The decade-long oil bust that began in the early 1980s wiped out two generations of energy professionals.
The extended drought scared away existing and prospective workers as other sectors grew.
Improved technology and drilling techniques have created a resurgence in the field in recent years, but the long decline has created staffing challenges for companies throughout the oil patch.
Most exploration and production companies have a strong number of employees in their 50s and older.
Heavy recruiting on college campuses throughout the region has led to a rapidly growing number of employees in their 20s and early 30s.
But few employees fill the 20-year gap in between.
The result is that some young employees with just a few years of experience have quickly advanced to become senior managers. In other cases, quality employees find themselves with managers who are their age or even a few years younger, making career advancement more difficult.
While companies throughout the industry are struggling to meet this challenge, industry trade groups are facing perhaps an even greater challenge.
I attended the Oklahoma Independent Petroleum Association (OIPA) annual meeting earlier this month. The organization has been in existence for 57 years and has faced similar challenges as the industry it represents.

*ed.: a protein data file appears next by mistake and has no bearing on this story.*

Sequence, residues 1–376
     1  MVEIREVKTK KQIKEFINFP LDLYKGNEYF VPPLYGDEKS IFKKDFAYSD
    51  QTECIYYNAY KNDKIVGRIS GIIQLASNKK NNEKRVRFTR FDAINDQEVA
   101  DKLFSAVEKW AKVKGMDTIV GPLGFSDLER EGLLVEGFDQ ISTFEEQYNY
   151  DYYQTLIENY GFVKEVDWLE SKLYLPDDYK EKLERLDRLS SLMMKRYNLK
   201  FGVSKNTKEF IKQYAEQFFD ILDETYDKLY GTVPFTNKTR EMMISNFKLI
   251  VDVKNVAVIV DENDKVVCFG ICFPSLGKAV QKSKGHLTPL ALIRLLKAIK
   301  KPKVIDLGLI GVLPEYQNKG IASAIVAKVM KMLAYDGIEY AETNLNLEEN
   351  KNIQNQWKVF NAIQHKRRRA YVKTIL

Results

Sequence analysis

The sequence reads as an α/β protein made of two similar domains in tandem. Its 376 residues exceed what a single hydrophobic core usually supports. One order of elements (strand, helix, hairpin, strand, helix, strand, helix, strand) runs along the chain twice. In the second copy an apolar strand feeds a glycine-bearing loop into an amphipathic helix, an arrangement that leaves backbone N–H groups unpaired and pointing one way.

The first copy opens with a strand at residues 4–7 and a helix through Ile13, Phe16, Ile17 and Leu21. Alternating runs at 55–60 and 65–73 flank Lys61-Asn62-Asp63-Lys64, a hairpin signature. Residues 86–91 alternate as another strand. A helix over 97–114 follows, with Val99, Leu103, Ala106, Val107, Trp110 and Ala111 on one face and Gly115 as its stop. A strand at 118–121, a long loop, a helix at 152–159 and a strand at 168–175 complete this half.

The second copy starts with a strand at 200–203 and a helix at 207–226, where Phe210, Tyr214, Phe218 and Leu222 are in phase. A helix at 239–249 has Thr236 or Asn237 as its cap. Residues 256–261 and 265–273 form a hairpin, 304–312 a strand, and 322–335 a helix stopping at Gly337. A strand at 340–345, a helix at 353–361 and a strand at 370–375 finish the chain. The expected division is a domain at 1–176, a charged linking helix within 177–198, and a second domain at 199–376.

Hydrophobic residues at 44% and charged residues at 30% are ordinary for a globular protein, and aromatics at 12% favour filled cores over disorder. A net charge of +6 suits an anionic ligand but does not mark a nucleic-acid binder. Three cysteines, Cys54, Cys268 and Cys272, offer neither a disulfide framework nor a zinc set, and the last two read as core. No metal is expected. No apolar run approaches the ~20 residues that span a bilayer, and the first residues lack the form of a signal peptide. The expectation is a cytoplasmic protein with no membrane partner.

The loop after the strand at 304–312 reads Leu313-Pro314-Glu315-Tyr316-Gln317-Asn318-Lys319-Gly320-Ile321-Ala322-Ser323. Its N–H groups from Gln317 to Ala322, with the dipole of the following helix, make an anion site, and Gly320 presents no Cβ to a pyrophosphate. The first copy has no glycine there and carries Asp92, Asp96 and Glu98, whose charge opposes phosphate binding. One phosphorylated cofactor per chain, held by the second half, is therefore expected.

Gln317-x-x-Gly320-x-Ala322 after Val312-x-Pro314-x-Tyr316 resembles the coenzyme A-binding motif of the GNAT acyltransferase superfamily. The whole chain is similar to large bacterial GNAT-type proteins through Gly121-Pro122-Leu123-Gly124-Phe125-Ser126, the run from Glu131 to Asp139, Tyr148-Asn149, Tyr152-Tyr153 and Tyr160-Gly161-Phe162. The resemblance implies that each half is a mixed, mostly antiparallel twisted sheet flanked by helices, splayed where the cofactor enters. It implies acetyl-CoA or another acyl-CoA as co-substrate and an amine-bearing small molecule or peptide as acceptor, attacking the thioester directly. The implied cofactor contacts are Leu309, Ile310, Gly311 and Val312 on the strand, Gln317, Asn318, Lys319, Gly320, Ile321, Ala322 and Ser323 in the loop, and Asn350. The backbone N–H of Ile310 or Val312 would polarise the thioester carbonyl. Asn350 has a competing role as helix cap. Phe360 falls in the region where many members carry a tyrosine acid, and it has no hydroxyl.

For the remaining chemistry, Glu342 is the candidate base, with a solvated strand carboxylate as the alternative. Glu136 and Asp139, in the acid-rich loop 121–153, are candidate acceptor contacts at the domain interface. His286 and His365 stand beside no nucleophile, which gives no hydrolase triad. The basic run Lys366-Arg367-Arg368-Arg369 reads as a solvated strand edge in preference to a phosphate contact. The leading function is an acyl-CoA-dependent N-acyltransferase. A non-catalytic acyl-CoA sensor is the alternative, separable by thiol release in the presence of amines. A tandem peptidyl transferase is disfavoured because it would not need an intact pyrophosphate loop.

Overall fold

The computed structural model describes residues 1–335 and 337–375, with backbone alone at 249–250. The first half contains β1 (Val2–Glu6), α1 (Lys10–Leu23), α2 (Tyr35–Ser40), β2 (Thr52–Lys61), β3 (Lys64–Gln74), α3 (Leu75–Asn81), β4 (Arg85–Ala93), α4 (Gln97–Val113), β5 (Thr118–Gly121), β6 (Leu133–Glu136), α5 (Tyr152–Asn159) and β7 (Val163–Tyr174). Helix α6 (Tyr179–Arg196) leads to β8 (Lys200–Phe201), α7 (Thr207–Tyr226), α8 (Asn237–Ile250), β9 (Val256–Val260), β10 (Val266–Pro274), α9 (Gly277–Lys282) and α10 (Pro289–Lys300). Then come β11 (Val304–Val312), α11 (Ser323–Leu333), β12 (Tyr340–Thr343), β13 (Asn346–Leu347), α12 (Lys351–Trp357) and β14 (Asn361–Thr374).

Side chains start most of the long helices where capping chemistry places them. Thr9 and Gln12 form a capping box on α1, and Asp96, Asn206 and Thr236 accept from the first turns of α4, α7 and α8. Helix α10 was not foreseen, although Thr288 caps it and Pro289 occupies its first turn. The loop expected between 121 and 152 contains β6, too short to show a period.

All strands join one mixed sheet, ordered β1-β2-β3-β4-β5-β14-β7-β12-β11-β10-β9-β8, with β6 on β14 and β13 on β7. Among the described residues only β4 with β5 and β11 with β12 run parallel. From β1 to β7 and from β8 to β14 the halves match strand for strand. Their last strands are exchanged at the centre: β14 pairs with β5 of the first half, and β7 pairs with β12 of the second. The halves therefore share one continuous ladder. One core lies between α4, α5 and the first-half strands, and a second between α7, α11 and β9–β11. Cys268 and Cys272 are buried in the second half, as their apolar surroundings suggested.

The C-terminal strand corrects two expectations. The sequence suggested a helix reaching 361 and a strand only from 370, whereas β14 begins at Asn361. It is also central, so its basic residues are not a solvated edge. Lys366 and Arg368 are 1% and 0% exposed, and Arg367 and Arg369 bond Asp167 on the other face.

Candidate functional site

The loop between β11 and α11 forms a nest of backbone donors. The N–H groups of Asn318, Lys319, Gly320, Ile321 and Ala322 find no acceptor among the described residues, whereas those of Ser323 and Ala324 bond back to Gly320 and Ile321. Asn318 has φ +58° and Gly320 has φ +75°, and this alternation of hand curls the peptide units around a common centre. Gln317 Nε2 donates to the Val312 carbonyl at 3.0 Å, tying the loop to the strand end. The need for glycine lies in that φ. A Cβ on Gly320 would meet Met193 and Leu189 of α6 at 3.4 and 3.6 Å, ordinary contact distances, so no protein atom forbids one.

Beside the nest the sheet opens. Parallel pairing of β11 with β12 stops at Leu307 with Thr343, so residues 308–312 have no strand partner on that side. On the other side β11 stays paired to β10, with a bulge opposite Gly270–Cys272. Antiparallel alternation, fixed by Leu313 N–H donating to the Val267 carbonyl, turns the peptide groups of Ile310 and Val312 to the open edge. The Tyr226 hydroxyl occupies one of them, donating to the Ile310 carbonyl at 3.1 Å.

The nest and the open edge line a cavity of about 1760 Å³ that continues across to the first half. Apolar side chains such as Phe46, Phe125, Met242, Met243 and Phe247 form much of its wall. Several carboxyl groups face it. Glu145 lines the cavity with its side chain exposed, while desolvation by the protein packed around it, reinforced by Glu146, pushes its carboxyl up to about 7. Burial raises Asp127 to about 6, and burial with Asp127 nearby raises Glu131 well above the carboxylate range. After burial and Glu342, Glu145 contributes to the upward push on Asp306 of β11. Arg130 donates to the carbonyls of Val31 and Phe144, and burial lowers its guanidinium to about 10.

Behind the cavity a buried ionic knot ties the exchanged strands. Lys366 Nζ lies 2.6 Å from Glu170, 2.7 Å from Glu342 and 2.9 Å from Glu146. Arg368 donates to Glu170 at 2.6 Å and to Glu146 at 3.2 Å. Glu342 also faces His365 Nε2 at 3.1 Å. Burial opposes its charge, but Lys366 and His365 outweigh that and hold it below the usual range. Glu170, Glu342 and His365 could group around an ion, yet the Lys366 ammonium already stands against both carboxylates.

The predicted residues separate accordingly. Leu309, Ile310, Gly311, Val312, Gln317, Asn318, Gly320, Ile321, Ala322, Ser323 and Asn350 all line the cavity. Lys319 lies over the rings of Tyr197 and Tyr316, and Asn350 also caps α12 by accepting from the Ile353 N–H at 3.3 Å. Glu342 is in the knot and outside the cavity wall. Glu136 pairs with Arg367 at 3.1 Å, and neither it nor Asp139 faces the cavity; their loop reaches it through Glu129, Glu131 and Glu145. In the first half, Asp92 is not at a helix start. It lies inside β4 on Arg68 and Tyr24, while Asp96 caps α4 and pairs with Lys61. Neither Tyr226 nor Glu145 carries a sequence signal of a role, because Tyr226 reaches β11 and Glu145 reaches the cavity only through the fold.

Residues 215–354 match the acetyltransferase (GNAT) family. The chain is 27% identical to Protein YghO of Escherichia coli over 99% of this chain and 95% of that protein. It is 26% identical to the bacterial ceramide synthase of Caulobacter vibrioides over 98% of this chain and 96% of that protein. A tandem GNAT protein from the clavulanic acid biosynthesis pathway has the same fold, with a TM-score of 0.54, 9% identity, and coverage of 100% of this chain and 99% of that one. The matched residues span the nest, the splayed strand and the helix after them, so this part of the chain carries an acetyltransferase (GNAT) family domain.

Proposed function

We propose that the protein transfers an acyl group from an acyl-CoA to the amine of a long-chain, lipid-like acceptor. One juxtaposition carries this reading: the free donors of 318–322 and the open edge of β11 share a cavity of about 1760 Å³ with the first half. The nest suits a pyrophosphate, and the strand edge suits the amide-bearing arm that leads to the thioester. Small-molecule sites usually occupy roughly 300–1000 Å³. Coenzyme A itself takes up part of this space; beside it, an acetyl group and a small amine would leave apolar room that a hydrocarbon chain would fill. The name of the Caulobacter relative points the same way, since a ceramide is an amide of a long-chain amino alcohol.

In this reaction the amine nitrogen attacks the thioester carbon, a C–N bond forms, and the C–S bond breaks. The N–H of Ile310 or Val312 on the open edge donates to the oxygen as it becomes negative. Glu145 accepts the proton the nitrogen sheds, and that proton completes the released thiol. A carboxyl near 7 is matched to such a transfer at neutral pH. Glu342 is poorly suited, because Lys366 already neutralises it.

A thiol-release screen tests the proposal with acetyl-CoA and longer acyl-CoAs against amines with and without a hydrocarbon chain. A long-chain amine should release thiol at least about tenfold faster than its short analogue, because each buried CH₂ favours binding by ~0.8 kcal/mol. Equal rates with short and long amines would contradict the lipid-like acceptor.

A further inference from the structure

Most members fit the demographics of the broader oil and natural gas industry, except that the association hasn't attracted active participation from the droves of young people that the industry has recruited.
OIPA and other industry groups are trying to change that.
The association has been actively recruiting to its Future Leaders Program, including inviting young professionals to its annual conference and encouraging them to attend meetings.
The group even held a modified beer pong tournament as part of its annual meeting as a fun meet-and-greet for those who attended.
Kit Watson works for Gore Nitrogen in Seiling. He attended the conference and participated in the tournament.
“I'm here not only just to further my career, but also for the industry — to find out what I can do for it to keep it going, to keep it strong in Oklahoma,” he said.
Other energy associations have a similar goal.
OIPA's Future Leaders Program, the OKC Society of Petroleum Engineers Young Professionals and the OKC Young Professionals in Energy have teamed up to hold a conference next month for energy professionals.
If you go
The OKC Young Professionals in Energy forum will be July 19 at the Sheraton Hotel in downtown Oklahoma City. For more information and to sign up, go to okcypenergyforum2012.eventbrite.com.